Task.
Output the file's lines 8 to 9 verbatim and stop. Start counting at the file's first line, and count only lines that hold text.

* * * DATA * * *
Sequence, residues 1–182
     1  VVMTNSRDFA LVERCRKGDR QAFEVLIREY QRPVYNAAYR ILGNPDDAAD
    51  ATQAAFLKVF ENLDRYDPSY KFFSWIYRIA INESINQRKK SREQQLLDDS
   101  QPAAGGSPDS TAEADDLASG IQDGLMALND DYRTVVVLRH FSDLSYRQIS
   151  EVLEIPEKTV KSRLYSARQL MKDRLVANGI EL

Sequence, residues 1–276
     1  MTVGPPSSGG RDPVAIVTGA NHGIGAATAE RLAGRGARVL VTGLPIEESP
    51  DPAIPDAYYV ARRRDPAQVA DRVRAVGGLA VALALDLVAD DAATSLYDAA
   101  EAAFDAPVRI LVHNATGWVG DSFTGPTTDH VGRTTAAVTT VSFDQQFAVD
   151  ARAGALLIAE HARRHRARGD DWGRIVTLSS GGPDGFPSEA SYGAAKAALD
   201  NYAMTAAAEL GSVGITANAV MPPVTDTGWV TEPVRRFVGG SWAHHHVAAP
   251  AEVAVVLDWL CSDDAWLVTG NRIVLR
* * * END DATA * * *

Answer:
    51  DPAIPDAYYV ARRRDPAQVA DRVRAVGGLA VALALDLVAD DAATSLYDAA
   101  EAAFDAPVRI LVHNATGWVG DSFTGPTTDH VGRTTAAVTT VSFDQQFAVD